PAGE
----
It’s a dilemma for megacities from Rio de Janeiro to Lagos to Manila.
For decades, the magnetic pull of jobs has drawn people from the countryside into these boomtowns. And now, the traffic is hell, sewers overflow and trash piles up. Add to that the looming specter of rising seas, possibly swallowing whole neighborhoods as this century grows hotter.
But in Indonesia — home to Jakarta, its crowded and polluted capital — the president has a plan.
He is, in short, giving up on Jakarta as a seat of government and preparing to bail to a tropical island.
The city and its environs hold roughly 30 million people. That’s a population larger than in Australia, somehow crammed into an area smaller than Miami-Dade County. The resulting dysfunction bleeds the economy of an estimated $7 billion per year in productivity loss.
That isn’t sustainable, says President Joko Widodo. On Twitter, he has vowed to fulfill his “great vision”: building a capital that can flourish “50 to 100 years from now.”
So far, the details are sparse. But officials imagine a “smart city in the forest,” a new capital run on renewable energy, where you can drink the tap water (a dicey proposition in Jakarta) and more than half of the city is covered in trees.
This eco-utopian capital will be built in Kalimantan, an Indonesian-controlled portion of Asia’s largest island: Borneo. The exact site (near an area called Kutai Kartanegara) is now mostly jungle.
It won’t stay pristine for long. The government wants to move fast, starting construction within two years and — in about five years —roughly 1.5 million bureaucrats will move to the new capital, making it far and away the island’s most populated city.
The word “Borneo” conjures virgin jungle, shrill birdsong and orangutans wandering through the mist. But at the moment, there’s a glaring problem with the government’s vision, says Arie Rompas, an environmental activist from central Kalimantan.
The island is literally on fire.
“It’s a really terrible problem,” Rompas tells The World. He describes whole cities bathing in yellow smoke, shuttering schools and sending the elderly to their sickbeds.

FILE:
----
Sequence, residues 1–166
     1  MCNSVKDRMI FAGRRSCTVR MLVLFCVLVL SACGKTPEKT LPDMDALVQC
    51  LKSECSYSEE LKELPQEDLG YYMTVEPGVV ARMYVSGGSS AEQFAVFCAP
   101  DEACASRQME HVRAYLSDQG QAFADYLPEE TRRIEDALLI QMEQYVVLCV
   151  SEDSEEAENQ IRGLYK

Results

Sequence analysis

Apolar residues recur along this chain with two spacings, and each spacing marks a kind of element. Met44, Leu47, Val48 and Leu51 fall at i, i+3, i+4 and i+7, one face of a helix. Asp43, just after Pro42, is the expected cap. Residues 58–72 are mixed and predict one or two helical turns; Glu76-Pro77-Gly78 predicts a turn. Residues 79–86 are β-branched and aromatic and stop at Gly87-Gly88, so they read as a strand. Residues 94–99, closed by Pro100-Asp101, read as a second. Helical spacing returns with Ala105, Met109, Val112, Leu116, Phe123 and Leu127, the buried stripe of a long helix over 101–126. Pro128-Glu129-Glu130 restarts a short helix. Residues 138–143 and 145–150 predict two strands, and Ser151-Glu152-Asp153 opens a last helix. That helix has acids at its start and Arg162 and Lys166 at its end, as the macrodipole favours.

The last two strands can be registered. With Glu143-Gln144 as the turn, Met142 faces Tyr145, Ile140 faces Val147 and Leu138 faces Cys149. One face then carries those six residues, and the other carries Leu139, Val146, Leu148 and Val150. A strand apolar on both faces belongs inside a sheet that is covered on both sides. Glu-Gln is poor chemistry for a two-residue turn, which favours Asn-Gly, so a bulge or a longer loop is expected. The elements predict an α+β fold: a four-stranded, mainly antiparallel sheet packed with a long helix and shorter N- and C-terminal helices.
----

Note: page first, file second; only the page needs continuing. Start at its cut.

Each year, parts of Borneo (as well as other islands in Indonesia) go up in flames. These forest fires are caused by small farmers and massive corporate plantations alike — both of which torch away jungle to clear land for crops. (This includes palm trees, which produce oils that go into products lining US supermarket shelves: potato chips, shampoo, detergent and much more.)
These fires are so smoky that, in a really bad year, Indonesia can churn out more carbon pollution than one of the world’s worst emitters: the United States.
Four years ago, Rompas and other Kalimantan natives came together to sue the government, insisting officials were not doing enough to stop the devastating fires. In June, Supreme Court judges sided with the citizens, arguing the government was indeed lax in preventing the blazes — and that it should provide free care for those suffering from lung ailments.
Environmentalists aren’t opposed to a jungle capital per se, says Rompas, who said it might even be a “good idea.” But they are jaded by the government’s track record on the island and need more assurance that the new city won’t bring Jakarta-style pollution to Borneo.
The city is expected to take up more than 600 square miles, about the size of Chicago, and building it will require mowing down large tracts of jungle.
For now, as Borneo burns — forcing more than 100,000 locals to seek medical care — the government is attempting to reverse its reputation for negligence. Officials are currently investigating plantation firms and rounding up nearly 200 people suspected of starting fires.
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